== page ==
The Independent has been told that ministers are not only considering ways in which women's private pension provision can be bolstered, but also ways in which the tax and benefits system can be used to ease the working woman's burden of childcare costs.
Mr Field said in a London lecture that Beveridge's world of 50 years ago had been "centred on male breadwinners and female housewives".
Under the male-orientated Beveridge Report, women and children were to benefit but "they would do so, generally speaking, only as the workless members of a family headed by a working man".
The minister said that such a system was inappropriate for a society in which male workers were about to be outnumbered by female workers - with the latest Labour Market Trends showing 11,361,000 working women, just 161,000 short of the seasonally-adjusted male workforce figure.
"Yet the existence of what will shortly be the majority group of the working population has still to be adequately recognised in our social security system," Mr Field said. "The world has changed. So, too, must welfare."
With the consultative Green Paper on Welfare Reform expected soon after the 17 March Budget, Mr Field said that one of the principles it would contain would relate to "how this male social security system can be feminised".
The Independent's childcare campaign won backing last night from Harriet Harman, the Secretary of State for Social Security. Although Ms Harman did not support our call for a childcare tax allowance of pounds 1,800 per year, she welcomed the crusade in an article in today's paper.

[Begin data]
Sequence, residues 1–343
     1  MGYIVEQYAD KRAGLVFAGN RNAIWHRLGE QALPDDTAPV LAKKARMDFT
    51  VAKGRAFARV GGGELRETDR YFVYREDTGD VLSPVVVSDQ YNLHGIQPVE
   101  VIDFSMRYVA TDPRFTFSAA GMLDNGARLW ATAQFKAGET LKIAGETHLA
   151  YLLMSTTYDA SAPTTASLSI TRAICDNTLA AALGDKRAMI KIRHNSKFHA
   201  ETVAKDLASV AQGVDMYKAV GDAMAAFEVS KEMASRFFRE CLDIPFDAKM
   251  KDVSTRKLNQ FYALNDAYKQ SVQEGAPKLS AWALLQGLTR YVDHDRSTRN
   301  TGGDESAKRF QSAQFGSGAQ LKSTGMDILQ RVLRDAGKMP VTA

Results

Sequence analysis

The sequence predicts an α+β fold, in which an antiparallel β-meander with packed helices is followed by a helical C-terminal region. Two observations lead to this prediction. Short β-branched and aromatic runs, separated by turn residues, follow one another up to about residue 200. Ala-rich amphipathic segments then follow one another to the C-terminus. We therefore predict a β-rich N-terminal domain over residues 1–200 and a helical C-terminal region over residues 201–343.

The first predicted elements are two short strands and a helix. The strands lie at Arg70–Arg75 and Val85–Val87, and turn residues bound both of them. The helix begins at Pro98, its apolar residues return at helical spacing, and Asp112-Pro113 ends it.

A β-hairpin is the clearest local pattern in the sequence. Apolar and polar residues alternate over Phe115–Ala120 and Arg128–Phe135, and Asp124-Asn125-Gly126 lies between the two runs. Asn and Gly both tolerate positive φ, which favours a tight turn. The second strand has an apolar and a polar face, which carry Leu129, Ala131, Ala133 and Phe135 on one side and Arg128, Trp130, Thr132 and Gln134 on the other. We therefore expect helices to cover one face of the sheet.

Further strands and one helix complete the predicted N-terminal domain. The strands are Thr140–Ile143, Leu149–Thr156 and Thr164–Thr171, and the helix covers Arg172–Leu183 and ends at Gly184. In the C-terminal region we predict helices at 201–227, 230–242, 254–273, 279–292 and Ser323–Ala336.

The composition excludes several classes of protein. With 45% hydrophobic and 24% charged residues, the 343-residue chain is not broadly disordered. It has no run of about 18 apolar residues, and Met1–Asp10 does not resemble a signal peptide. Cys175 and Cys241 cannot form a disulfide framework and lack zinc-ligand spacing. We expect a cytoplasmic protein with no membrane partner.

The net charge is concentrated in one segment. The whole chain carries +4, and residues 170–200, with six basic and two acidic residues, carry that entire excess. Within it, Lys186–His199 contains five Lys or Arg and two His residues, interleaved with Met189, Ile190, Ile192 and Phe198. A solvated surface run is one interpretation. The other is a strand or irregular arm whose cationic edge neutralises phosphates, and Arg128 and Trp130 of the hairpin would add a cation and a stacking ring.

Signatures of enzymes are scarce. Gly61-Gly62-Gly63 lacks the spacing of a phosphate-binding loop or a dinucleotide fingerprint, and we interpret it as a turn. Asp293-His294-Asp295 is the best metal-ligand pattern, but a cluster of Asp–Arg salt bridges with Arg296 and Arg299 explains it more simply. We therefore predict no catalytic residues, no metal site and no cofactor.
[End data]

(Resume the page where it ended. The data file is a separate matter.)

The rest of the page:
"We are delighted to see The Independent is taking up the issue of childcare. It is very dear to my heart," she wrote.
"To support women as they redefine their role as mothers in working for their children as well as caring for them, this government will ensure that they are backed up with a choice of quality, affordable childcare."
However, she suggested that this would be done not through tax breaks but through a range of measures already in the pipeline. These included a working families tax credit for low-paid parents, pounds 300m for out of school childcare and an extra pounds 100 a week for parents with two or more children under 12 who are eligible for Family Credit.
Harriet Harman, page 8
Features, page 18Reuse content